NEW REPORT: Criminal Justice System Punishes Former Lawbreakers Long Past Risk to Commit a New Crime
When Is Criminal Punishment Enough?
It is an intuitive yet little-known fact that most criminals eventually stop committing crime. Research has shown that when lawbreakers have served their full sentences and remain crime-free for a certain period of time, their chances of re-offending eventually drop to a level equivalent to—or, in some cases, less than—that of the general public.
A newly released report commissioned by Justice Fellowship, the criminal justice reform and advocacy affiliate of Prison Fellowship Ministries, highlights this surprising "risk convergence" and underscores how the practice of punishing men and women past this point fails to serve the public good, instead just making it more difficult for former prisoners to successfully reintegrate into their communities and build a crime-free, post-crime life.
"Justice Fellowship advocates for a restorative justice approach to criminal justice that requires the system to do more than 'warehouse' people convicted of crimes," said Justice Fellowship Executive Director Craig DeRoche. "While restorative justice holds lawbreakers accountable for the harm they have caused, it also advocates for closure by creating an opportunity for a fresh start."
"Closure shouldn't take a lifetime, but our nation's current criminal justice system creates long-lasting barriers to successful reintegration into our communities," said DeRoche.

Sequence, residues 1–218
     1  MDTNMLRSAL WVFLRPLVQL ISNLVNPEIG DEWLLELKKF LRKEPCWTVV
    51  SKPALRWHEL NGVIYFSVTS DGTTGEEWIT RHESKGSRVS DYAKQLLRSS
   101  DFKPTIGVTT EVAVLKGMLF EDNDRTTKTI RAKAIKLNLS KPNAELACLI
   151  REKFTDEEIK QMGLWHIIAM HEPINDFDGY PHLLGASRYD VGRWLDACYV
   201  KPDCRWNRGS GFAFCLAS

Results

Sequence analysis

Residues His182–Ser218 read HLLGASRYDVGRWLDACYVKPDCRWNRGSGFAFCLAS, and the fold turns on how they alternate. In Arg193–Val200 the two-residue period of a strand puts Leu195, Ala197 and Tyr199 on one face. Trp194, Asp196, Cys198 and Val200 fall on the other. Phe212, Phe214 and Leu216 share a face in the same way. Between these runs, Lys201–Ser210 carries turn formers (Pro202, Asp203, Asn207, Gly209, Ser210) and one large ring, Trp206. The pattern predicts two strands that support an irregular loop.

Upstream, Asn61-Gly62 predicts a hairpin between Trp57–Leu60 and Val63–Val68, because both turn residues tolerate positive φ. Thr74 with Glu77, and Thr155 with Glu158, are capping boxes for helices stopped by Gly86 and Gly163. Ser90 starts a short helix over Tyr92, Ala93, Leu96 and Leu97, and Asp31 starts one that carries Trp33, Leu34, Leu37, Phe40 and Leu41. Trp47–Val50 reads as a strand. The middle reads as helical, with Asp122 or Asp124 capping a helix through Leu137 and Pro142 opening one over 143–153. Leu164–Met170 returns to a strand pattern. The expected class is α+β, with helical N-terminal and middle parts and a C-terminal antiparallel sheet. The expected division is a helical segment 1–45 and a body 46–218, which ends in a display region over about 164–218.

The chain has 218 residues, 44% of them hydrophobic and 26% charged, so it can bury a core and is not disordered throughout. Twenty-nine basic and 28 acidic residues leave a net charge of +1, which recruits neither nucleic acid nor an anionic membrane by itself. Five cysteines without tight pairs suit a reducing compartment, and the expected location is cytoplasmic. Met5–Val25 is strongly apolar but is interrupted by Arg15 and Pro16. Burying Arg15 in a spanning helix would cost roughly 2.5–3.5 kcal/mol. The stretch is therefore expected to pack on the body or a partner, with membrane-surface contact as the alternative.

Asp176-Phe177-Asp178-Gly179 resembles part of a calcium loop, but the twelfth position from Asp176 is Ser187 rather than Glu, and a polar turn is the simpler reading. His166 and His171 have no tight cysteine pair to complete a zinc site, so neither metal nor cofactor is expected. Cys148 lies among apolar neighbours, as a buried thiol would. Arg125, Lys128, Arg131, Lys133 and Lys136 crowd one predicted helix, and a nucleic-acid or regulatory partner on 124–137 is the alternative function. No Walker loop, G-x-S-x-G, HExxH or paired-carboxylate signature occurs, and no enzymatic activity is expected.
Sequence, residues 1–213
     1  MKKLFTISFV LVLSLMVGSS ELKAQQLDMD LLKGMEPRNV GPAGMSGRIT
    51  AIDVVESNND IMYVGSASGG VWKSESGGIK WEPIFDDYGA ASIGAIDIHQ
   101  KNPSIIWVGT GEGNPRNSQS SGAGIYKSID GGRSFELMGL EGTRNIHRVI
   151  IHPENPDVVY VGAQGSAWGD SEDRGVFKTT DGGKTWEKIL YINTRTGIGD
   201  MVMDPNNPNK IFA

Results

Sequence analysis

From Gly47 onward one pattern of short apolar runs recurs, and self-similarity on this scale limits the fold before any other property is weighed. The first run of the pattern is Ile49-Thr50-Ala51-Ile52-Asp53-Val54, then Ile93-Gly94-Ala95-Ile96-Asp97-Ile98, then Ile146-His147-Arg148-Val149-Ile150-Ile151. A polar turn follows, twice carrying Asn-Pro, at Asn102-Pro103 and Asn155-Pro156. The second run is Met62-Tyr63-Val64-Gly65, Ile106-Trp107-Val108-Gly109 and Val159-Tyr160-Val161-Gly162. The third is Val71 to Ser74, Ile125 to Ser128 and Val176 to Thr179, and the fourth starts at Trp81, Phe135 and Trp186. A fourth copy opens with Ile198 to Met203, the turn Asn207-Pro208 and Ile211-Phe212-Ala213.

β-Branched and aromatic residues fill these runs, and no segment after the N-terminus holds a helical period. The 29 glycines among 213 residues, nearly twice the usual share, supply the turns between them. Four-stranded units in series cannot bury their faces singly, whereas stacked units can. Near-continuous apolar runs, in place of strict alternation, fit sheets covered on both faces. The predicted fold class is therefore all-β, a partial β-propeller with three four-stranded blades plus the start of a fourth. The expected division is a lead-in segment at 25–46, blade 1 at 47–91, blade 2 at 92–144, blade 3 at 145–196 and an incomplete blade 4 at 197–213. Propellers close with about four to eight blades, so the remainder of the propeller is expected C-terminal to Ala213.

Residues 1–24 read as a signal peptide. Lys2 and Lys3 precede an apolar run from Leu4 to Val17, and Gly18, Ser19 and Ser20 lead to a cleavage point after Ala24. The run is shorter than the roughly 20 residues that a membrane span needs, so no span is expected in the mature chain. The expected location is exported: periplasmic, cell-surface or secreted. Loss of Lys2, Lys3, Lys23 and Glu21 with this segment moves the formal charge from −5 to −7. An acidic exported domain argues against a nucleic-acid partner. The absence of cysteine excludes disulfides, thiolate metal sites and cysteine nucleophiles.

The report (Executive Summary here), developed by the Research & Evaluation Center at the John Jay College of Criminal Justice, City University of New York, provides a textbook overview of how lack of closure creates barriers that formerly incarcerated men and women must overcome in order to become productive and functioning members of their families and communities. These barriers include:
Challenges to finding meaningful employment
Inability to find adequate housing
Loss of basic civil rights
"State and local governments should consider removing the stain of permanent civil punishments when the risk of further criminal involvement is statistically unfounded," DeRoche added. "Strong policy incentives for successful reintegration benefit us all because they reduce public spending, improve public safety, and motivate men and women returning to our communities to demonstrate that they have truly reformed."
Prison Fellowship Ministries was founded in 1976 by the late Chuck Colson and today is the world's largest outreach to prisoners, ex-prisoners and their families. Through Justice Fellowship, it promotes a restorative justice approach to criminal justice that respects victims, rehabilitates offenders and repairs communities.